Improv on Deuteronomy 26, for US Thanksgiving

(for so many of my friends, some with and some without documents)

When you come to the land
where God is calling you
to settle in
and find an apartment
and a job and a complicated new language,
while your tongue still tastes
the sweet old words,

you shall take some of your
new fruit –
your child’s school pictures,
copy of your green card, Red sox cap,
the sad news in the letter from your sister,
your first autumn leaves, first mittens —
and put them in a basket
woven of your memories.

And you shall make this response …
“A wandering immigrant was my ancestor –
Somali, Bhutanese, Indonesian, Hmong,
Dominican, Haitian, Sudanese,
Mexican, Irish, Italian, Iraqi, Scot,
Albanian, Lebanese …

and there was war
and affliction, fear and hunger,
and God brought us out
on a long and hard and manna-ed way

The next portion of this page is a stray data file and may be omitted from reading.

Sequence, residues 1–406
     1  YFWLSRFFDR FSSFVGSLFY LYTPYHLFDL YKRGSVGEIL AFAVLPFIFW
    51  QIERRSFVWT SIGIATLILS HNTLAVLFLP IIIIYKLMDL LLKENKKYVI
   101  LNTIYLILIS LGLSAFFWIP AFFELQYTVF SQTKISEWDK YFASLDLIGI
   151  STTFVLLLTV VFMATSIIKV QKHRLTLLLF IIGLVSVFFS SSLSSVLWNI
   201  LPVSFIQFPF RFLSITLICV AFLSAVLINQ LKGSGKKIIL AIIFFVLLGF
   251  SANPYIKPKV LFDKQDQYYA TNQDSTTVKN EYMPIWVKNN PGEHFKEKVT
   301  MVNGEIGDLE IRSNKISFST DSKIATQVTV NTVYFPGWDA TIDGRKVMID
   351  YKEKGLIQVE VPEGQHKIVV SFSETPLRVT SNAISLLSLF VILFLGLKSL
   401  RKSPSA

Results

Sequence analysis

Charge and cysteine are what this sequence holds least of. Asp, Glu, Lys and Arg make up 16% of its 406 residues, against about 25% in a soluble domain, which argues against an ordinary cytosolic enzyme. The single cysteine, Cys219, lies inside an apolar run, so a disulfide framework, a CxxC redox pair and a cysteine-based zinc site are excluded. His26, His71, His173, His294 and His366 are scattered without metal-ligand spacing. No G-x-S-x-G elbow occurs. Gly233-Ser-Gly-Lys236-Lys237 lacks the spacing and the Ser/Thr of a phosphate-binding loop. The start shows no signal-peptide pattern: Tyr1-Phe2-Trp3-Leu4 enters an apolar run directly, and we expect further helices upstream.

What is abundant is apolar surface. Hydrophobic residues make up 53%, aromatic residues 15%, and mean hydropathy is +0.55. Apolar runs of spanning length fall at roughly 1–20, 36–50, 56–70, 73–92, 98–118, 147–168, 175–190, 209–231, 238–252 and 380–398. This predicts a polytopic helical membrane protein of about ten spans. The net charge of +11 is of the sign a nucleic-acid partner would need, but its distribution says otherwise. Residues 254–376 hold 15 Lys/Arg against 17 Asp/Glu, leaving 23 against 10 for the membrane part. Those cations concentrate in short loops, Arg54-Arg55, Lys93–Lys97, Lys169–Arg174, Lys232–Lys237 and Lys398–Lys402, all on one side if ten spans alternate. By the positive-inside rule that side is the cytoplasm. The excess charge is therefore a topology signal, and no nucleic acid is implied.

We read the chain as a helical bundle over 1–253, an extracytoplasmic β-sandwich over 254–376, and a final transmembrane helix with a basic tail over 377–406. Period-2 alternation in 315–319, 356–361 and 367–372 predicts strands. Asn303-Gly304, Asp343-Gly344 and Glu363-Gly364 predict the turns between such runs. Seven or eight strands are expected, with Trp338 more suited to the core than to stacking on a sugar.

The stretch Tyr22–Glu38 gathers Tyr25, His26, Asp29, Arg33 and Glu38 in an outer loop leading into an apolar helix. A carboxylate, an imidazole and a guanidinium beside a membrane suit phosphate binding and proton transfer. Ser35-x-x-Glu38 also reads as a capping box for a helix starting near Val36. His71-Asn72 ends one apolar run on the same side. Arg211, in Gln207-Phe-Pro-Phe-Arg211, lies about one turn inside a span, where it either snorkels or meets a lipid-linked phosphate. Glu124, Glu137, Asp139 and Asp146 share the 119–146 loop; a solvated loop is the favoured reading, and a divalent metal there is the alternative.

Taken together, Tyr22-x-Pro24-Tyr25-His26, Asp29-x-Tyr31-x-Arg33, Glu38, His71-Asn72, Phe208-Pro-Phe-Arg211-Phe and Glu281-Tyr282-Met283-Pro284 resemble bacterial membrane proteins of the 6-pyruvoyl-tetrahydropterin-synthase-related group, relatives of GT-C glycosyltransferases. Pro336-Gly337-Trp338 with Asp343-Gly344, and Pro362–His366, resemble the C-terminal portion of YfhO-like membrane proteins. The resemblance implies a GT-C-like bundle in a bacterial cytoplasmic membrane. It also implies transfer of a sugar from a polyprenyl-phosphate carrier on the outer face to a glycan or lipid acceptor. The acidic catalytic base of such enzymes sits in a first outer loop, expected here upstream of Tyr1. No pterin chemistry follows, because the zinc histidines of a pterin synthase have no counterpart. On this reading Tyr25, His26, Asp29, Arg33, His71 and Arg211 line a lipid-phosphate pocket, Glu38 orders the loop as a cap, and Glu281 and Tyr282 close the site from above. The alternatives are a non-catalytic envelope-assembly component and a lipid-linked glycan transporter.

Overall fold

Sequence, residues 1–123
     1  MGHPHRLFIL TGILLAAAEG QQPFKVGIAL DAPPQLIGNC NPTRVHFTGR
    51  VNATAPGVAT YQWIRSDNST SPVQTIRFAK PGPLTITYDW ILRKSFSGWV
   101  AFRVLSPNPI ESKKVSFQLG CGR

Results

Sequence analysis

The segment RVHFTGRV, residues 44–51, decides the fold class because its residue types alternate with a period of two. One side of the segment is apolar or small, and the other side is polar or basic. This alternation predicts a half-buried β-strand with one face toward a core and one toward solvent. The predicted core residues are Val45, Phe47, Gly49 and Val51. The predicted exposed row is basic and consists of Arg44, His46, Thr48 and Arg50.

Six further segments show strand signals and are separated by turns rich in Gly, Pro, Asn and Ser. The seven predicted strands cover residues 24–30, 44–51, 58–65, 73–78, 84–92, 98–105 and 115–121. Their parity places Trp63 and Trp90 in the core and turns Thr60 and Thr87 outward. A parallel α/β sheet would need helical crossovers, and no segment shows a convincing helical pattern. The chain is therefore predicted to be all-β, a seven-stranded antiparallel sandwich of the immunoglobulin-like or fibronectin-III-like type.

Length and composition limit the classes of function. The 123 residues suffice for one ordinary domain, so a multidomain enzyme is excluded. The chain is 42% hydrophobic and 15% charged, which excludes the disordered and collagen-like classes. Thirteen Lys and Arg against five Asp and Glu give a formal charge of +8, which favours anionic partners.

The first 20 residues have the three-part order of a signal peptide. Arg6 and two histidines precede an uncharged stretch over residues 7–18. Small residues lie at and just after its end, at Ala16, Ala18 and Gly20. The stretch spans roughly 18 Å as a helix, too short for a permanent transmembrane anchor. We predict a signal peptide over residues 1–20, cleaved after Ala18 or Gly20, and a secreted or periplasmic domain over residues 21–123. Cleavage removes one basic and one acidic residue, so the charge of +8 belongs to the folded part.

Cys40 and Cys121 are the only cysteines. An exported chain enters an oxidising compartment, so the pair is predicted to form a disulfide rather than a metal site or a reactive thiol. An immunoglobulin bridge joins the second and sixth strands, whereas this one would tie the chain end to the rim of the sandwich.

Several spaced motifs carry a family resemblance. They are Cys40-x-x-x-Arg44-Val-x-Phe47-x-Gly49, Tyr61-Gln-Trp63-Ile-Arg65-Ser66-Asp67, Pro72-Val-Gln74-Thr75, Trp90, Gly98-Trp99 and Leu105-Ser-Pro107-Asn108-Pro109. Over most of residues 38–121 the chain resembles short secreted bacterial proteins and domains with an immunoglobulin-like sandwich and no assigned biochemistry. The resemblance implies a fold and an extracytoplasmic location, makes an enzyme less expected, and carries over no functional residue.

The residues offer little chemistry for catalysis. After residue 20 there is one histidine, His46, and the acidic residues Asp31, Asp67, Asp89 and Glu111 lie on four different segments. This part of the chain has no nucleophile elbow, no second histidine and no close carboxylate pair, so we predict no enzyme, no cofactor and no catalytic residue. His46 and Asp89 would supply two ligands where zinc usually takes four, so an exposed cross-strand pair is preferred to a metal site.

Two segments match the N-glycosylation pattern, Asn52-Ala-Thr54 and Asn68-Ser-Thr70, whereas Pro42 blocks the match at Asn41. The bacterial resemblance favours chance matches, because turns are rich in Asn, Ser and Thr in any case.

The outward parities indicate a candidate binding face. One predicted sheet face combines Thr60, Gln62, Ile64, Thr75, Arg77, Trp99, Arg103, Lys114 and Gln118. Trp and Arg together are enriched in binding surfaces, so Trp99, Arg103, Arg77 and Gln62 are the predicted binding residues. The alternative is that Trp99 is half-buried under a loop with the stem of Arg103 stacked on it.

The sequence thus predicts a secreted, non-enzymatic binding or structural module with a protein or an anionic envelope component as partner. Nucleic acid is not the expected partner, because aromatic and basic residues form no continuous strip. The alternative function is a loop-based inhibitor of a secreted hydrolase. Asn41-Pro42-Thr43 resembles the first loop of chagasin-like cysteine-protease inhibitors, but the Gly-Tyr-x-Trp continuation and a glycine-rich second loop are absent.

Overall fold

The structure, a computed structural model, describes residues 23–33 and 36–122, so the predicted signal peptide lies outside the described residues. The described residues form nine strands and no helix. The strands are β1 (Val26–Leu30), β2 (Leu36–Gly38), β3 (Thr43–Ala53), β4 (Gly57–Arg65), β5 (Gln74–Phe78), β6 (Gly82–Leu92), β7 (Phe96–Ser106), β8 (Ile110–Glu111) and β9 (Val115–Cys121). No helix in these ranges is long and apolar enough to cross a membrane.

to this strange land of turkey and stuffing,
Facebook and text messaging,
EZPass and the ICE at the door …”

And you shall set down your baskets
in their different sizes and shapes and colors,
but full of the same gifts,
full of really the same precious gifts,
and look at one another –

all resident aliens and all neighbors,
all the celebrators of the bounty God gives us –
the land and the blessing, the signs and the songs,
wonder, and may-it-be, may-it-be,
an outstretched hand.

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4 Responses to Improv on Deuteronomy 26, for US Thanksgiving

  1. Joyce Ray says:

    Thank you, Maren. May it be so. This poem will be part of our Thanksgiving gathering.

  2. Marjorie MacNeill says:

    This is wonderful, Maren. Thank you!! Marjorie

    Sent from my iPhone


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